But toss that baggage aside and place a CD in the hands of the consumer, and everything works perfectly.  Interoperability is guaranteed, and buyers can easily shift between different environments.  One executive astutely pointed out that the CD, for all of its outmoded and old-fashioned criticisms, actually offers far better universality than most paid download services.

The point is, there’s nothing horribly wrong with this format, and large sections of the consumer population are incredibly comfortable with the experience.  Does a 45-year old necessarily need an iPod?  Maybe yes, perhaps not.  It really depends on the individual.  If CDs started melting their players tomorrow, the story would be different.  But consumers understand CD technology, and rarely have a problem with it.

Is iTunes+iPod superior?  For most younger people, the answer is undeniably yes.  But this isn’t an exodus from the CD, it’s an embrace of a newer, more convenient method for obtaining, storing, organizing, and listening to music.  But some older people just don’t care.

That could explain some interesting trends.  Take non-traditional sales outlets like Starbucks.  Or boutique sellers in airports.  It isn’t f.y.e., it’s an entirely different proposition.  And these plays exist in environments where the consumer relationship is otherwise healthy.  So how are non-traditional outlets doing?  According to Nielsen Soundscan, non-traditional retailers now claim 17 percent of the retail pie, up from just 2 percent in 2002.

Meanwhile, internet-based sales are soaring.  Online sales of discs increased 19 percent last year to 12.9 million units, also according to Soundscan.  And that includes a number of super-targeted plays.  “Contrary to what appears to be the imminent demise of the physical disc in the world of popular music, we have found … that the physical CD in the classical music world is still the overwhelmingly preferred medium for purchase,” said Eric Feidner, president of ArkivMusic, a genre-targeted company.  Feidner is now licensing out-of-print classical catalogs from major labels, and only pressing copies as specific orders come in.  Long Tail defined, and powered by the CD.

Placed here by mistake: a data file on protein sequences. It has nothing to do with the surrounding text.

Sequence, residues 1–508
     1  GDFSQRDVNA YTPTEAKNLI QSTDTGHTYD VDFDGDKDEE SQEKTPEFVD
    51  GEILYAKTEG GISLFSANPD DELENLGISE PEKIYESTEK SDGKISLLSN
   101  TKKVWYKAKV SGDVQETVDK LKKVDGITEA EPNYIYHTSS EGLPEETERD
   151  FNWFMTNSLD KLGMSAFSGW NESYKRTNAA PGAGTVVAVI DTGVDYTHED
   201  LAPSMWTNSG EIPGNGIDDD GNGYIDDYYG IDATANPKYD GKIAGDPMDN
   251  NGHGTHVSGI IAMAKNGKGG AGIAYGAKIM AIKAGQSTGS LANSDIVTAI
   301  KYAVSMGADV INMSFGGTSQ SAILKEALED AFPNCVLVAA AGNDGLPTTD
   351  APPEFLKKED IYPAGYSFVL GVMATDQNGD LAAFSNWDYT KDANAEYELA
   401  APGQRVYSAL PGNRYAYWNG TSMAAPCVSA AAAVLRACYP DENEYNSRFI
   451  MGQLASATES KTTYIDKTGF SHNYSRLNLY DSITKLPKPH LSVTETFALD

Eventually, the shift from physical to digital will marginalize the CD.  Teenagers will become twenty-somethings, thirty-somethings, and forty-somethings, and their consumer power will be directed towards tenth-generation iPhones, not traditional CDs.  Carmakers will prioritize iPod integrations above in-dash CD players, and the format will eventually garner nostalgia like its now-quaint grandfather, the vinyl platter.

But in the current market, the format still has considerable steam, despite the recent implosion in traditional sales.  Labels will suffer, as will traditional retailers, though the trusty CD will enjoy an extended sunset.  The playback infrastructure is too strong, and demographics shift too slowly for an overnight exit.  And less traditional plays will continue to capitalize on the remaining strength of the format.   Like most transitions, that means accelerated evolution, not revolution, and a lot more blood from the stone.

Paul Resnikoff, Editor